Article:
Priyanka Chopra: People want to be shaken, stirred and moved while watching a film
Priyanka Chopra on her comeback Hindi film, The Sky Is Pink, her production plans and making her long-distance marriage with Nick Jonas work
From becoming the face for desi talent in the US by headlining the ABC show, Quantico, to her marriage to pop star Nick Jonas, Priyanka Chopra Jonas is evidently in a content space. And yet, for anyone who knows her well enough, she is always hungry for more.
We catch up with her at Mehboob Studios, Bandra, and chat about why film sets need to go plastic-free given the alarming state of the environment, but soon enough, we nosedive into a conversation about what made her choose a fairly non-commercial filmmaker Shonali Bose's The Sky Is Pink even when industry bigwigs were lining up at her doorstep.
"I have never picked up conventional or mainstream films. To me, a good story matters the most. I am a movie buff and this was a story that sucked me in. Be it a Bajirao Mastani or a Mary Kom or Barfi! they aren't conventional. Of course, I do tentpole films but that's not the only thing I depend on. Now, the audience is different. A few years ago, when we were marketing our films we would say, 'leave your brains at home and watch the movie'. People don't want to leave their brains behind at home anymore. I understand that people want to shaken, stirred and moved while watching a film," starts off Chopra.
She admits that she has not watched Bose's films. "She keeps telling me, 'How did you say yes to me without seeing my work?' Chopra says that the story moved her to bits. The Sky Is Pink, in Shonali's words, is the love story of Niren and Aditi Chaudhury, the parents of Aisha, an author and motivational speaker who died of pulmonary fibrosis.
"This story is profound and funny. It hits your heart. I have been acting for 16 years. I have worked with many new filmmakers. When I talk to a filmmaker, I can sense how much they know a subject. The script spoke to me. When I met her in New York, I knew instinctively that I wanted to be directed by her. There are filmmakers I have worked with and have not been able to trust. I wanted an immersive experience and Shonali had clarity. She told me how she lost her child. There is a certain lightness about death. She told me that people go when their work on Earth is done. You shouldn't mourn their death but celebrate their life. I hadn't dealt with my father's death as well. But she made me realise that I didn't need to mourn him. People who love us don't want us to grieve. This film discusses a heavy subject but is told by Aisha who is light-hearted. Her parents decided to give her every kind of adventure and love that they could think of. I was amazed that these real-life people who created an extraordinary life for their daughter. It was incredibly inspiring for me as an actor. I went through a roller-coaster of emotions, laughing my guts out and crying a little through it. The film made me call up those I love and tell them how much I cherish them."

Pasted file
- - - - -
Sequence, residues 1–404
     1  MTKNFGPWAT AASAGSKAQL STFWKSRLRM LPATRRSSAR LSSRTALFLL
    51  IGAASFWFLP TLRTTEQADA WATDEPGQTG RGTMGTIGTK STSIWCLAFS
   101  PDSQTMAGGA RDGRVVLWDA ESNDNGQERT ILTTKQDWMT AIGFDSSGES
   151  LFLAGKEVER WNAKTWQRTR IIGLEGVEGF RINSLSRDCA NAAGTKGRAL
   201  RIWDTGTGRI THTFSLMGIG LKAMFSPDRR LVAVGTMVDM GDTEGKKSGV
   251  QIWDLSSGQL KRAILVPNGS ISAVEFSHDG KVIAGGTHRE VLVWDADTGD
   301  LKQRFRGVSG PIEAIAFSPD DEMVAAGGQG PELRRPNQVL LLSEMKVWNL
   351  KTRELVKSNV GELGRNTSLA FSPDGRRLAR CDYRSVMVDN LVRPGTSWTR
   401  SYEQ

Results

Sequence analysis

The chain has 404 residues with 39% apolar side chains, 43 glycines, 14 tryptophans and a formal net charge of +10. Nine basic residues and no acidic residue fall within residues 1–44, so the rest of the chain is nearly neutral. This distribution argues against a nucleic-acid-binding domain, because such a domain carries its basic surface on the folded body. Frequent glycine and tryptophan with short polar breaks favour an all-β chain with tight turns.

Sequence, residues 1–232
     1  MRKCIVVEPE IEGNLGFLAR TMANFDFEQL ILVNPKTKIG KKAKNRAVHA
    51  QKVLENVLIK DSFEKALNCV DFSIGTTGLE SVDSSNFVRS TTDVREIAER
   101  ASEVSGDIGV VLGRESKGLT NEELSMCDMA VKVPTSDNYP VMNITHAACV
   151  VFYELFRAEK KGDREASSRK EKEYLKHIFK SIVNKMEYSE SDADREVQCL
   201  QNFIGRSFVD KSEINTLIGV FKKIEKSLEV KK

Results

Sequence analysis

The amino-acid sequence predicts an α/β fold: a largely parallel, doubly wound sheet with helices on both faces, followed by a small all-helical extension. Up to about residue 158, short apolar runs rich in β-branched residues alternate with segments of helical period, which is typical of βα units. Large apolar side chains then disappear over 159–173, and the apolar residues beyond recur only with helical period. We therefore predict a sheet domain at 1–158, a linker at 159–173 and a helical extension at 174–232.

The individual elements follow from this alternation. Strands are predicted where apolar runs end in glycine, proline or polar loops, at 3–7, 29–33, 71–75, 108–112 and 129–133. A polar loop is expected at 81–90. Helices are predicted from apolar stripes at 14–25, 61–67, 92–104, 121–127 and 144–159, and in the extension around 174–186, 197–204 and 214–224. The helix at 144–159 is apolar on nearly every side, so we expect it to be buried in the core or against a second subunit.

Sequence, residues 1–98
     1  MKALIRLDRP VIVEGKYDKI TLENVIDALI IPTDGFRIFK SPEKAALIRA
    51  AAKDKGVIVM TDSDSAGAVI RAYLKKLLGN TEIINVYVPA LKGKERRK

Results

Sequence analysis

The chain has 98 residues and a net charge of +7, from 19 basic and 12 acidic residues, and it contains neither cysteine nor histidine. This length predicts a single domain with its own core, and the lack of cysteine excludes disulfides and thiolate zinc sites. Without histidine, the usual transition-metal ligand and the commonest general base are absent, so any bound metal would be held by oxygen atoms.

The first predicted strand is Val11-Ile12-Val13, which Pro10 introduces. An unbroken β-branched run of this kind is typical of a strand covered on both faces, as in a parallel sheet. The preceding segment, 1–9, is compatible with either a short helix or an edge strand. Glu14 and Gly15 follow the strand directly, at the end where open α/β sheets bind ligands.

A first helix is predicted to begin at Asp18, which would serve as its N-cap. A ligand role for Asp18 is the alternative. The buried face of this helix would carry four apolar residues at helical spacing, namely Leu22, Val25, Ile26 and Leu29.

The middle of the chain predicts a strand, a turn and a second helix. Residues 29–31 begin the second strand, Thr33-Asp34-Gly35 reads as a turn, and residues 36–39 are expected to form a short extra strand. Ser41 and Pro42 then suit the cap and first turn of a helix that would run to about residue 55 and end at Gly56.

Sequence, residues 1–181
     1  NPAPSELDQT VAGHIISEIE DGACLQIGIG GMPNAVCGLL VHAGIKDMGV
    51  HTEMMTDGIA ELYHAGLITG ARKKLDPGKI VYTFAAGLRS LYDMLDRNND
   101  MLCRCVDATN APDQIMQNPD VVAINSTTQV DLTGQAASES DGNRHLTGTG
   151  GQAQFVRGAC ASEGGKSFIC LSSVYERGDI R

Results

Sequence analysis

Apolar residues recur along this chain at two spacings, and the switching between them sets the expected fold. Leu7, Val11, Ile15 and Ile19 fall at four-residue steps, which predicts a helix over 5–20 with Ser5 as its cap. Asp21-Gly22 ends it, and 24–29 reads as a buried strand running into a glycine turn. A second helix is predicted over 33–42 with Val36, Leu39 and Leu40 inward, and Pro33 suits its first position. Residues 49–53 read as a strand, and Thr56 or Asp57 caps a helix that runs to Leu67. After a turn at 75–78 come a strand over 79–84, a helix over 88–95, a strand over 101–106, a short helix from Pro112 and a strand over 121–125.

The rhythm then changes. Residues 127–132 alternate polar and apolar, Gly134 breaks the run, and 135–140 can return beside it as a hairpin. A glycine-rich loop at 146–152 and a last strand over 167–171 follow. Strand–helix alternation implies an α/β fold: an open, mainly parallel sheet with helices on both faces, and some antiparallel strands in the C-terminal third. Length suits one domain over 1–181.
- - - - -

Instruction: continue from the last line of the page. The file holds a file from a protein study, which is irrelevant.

Chopra was attracted to the story of enduring love of Niren and Aditi who met as high school sweethearts. Now, at 55 they still hold hands, give each other a peck and survived the loss of two children. "Their chemistry is overpowering, 70 per cent of couples separate after the death of their children. To be happy and have compassion is hard in such scenarios. Life is not a pursuit of rage but happiness. When my dad was suffering, I remember the toll it took on mom [Madhu]."
She derived the character from her mother as much as she did from Aditi and Shonali. "My mother is similar to Aditi, fiercely protective and her own person. We are taught as girls to have that kind of independence, have opinions and have a voice. I want the world to see that a free-spirited family can be well-knit and doesn't take away from sanskars."
Though Chopra is back with a Bollywood film after a gap, she says, "I always had films coming my way. But during Quantico, I had to give 11 months of my year to them. This is why I did Baywatch, A Kid Like Jake and Isn't it Romantic because one month is not enough to finish a feature. Post-Quantico, I knew what kind of film I was looking for. I knew Alex Parish so well that I needed a role to scare me. I wanted to be on my toes, get sleepless nights. I knew I wanted to be fed as an artiste. It's a responsibility to play a real-life person. I had to play a mother which I am not yet. I remember a scene required me to go so deep into me that once cameras stopped, I held Shonali and cried. I was getting married when I was shooting, so there was no time to plan the wedding in between the film."
With The Sky Is Pink, Chopra also turns a Hindi film producer too. "I want to do web series and features across languages. I am an EP on the Netflix film, The White Tiger. I am producing the Mindy Kaling film as well as web shows. I like taking chance on new talent because I never had that."
'We inform each other of every tiny detail'
Priyanka Chopra Jonas and husband Nick Jonas lead hectic lives thanks to their professional commitments. PeeCee says, "We have rules. We don't go two weeks without meeting each other, no matter where we are in the world. We have to stay in touch. We have to inform each other of every tiny detail. Our schedules are opposite when we are in different time zones, but we FaceTime our way through this. It's a modern-day long distance relationship, which is hinged on how much we want to make it work. We love each other's company and we are each other's best friends. Sometimes, I wake him in the middle of the night and shriek out something that happened with me and he's there. We get how important our work is to us. We are ambitious and driven and in love in equal parts."
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Watch: Priyanka Chopra Plays Dandiya While Promoting The Sky Is Pink In Jaipur